Sustainable Agricultural Techniques

Chard Growing in Hoop House with Worker in Background
Chard in Hoop House (Photo Taken by Alec Richards)

Given the variety and number of small farms in the Northern New Mexico region as well as the ongoing pressures upon agricultural land and water, one of SASC's goals is to help maintain agriculture sustainably by providing evidence-based information to farmers. We do this through research and education.

In addition, we utilize field based techniques and management that are particular to sustainable agriculture. For example, Del Jimenez, Agricultural Specialist, Meet the Team, has been "ranching" the bindweed mite (Aceria malherbae) for years at the Alcalde campus. Del hosts a regular workshop for the public to learn about how the mite infects and therefore diminishes the field bindweed. At the end of the workshop he gives the attendees their own bindweed mites to use at their farm or garden.

Additional NMSU Publications

How-to Guides and Circulars

  • Guide A 152_Reducing Tillage in Arid and Semi-arid Cropping Systems: An Overview
    Reduced tillage is gaining attention among growers in the arid and semi-arid cropping systems of New Mexico and other parts of the Southwest because of the undesirable effects conventional tillage has on the environment and soil quality, as well as economic benefits associated with less intensive tillage operations.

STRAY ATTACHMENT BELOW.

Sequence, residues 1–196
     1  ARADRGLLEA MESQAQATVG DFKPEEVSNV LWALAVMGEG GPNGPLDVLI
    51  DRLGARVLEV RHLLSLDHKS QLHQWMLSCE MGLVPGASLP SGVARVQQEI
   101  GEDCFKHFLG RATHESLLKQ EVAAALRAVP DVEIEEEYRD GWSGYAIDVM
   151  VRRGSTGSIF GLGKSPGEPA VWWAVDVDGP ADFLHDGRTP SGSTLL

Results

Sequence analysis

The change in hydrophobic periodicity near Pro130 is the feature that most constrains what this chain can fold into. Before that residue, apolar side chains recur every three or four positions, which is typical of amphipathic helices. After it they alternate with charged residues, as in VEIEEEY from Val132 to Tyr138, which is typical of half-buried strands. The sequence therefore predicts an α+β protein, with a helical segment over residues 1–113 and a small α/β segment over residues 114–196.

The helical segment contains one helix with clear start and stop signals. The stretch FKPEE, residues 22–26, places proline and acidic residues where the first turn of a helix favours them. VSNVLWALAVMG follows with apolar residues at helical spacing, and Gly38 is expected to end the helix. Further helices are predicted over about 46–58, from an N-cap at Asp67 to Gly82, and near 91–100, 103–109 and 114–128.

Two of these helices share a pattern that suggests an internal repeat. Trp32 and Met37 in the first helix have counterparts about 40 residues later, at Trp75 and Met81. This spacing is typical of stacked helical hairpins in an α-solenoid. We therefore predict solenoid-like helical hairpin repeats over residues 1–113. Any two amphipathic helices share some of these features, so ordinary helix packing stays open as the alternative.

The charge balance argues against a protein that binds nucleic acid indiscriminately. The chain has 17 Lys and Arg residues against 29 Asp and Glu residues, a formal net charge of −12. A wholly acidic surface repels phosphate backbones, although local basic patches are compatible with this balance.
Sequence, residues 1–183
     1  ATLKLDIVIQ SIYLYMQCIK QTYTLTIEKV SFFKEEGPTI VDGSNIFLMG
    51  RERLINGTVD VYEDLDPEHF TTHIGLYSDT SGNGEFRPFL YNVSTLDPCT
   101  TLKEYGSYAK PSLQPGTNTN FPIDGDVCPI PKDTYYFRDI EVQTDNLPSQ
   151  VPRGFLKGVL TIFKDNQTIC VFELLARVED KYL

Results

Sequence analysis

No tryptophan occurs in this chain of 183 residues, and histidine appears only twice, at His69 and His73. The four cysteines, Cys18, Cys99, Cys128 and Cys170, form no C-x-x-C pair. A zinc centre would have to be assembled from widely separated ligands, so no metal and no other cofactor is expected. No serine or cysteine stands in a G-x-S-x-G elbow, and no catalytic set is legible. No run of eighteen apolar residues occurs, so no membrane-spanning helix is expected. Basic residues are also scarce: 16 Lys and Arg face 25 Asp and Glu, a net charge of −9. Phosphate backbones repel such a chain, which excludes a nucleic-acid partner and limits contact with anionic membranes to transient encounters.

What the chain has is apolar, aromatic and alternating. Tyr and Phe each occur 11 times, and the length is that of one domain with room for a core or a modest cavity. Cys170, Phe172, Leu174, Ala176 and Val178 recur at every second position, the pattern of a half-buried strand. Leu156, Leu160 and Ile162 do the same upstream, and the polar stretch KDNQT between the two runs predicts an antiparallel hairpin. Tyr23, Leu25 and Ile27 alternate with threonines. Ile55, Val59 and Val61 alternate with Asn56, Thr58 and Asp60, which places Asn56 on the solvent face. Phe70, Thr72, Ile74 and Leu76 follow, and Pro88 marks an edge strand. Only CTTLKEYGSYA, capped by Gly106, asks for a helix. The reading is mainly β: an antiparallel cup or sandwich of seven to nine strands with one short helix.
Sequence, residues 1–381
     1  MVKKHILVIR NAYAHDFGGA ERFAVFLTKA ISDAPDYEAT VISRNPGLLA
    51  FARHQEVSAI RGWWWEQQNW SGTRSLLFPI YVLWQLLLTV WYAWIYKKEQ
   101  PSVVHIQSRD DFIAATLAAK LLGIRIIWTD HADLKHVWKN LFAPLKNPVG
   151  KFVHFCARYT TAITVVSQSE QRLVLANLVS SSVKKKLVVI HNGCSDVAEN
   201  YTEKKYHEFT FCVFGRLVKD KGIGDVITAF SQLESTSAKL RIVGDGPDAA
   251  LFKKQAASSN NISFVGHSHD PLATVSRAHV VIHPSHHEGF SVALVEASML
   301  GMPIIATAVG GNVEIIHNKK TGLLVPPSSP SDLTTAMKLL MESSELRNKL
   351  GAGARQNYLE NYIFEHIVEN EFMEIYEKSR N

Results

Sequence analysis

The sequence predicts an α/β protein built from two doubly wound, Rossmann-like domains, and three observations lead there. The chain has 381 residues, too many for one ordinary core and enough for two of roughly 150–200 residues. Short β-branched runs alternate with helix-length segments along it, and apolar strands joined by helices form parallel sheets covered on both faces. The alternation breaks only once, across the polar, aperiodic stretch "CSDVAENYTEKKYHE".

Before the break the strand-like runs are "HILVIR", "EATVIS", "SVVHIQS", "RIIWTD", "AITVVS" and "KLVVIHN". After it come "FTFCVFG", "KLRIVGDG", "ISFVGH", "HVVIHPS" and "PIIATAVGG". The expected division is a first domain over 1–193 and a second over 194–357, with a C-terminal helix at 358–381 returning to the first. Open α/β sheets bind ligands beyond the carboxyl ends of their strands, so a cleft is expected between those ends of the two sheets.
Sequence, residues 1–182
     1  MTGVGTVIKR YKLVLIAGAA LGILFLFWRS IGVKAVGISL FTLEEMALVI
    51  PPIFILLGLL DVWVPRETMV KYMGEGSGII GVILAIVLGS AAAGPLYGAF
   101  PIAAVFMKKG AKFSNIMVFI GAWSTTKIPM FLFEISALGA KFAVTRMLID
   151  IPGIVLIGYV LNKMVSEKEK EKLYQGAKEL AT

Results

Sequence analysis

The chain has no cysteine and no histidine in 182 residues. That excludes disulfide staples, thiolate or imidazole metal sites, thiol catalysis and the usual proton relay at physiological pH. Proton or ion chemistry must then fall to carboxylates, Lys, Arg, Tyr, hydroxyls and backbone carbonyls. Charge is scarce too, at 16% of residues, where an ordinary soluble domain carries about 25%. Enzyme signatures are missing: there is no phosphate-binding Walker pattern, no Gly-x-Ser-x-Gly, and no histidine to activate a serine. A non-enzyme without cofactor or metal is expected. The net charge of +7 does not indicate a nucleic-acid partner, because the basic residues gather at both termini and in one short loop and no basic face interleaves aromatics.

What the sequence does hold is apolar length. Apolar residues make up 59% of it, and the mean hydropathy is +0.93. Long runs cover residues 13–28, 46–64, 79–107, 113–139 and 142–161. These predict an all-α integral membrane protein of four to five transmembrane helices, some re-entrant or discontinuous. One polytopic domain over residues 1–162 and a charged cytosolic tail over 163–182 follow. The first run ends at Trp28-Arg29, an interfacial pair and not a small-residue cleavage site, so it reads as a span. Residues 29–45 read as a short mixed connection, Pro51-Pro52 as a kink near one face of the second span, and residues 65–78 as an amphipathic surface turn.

• Circular 600_Managing Aceria malherbae Gall Mites for Control of Field Bindweed
    Field bindweed (Convolvulus arvensis L.) originated in the Mediterranean area and the Middle East but is now found in temperate areas throughout the world. It was introduced into North America in the early 1700s and became one of the most widespread and difficult-to manage weeds on the continent. Field bindweed is a persistent competitor, robbing nutrients and moisture from desirable crops and producing long vine-like stems that clog harvesting equipment . During the 1970s, researchers collected potential agents for biological control in southern Europe. Ten of 155 organisms collected showed value as potential management tools for field bindweed. The most promising of these biocontrol agents for low-humidity areas, such as the semi-arid U.S. Southwest, was the bindweed gall mite, Aceria malherbae Nuzzaci (Acari: Eriophyidae).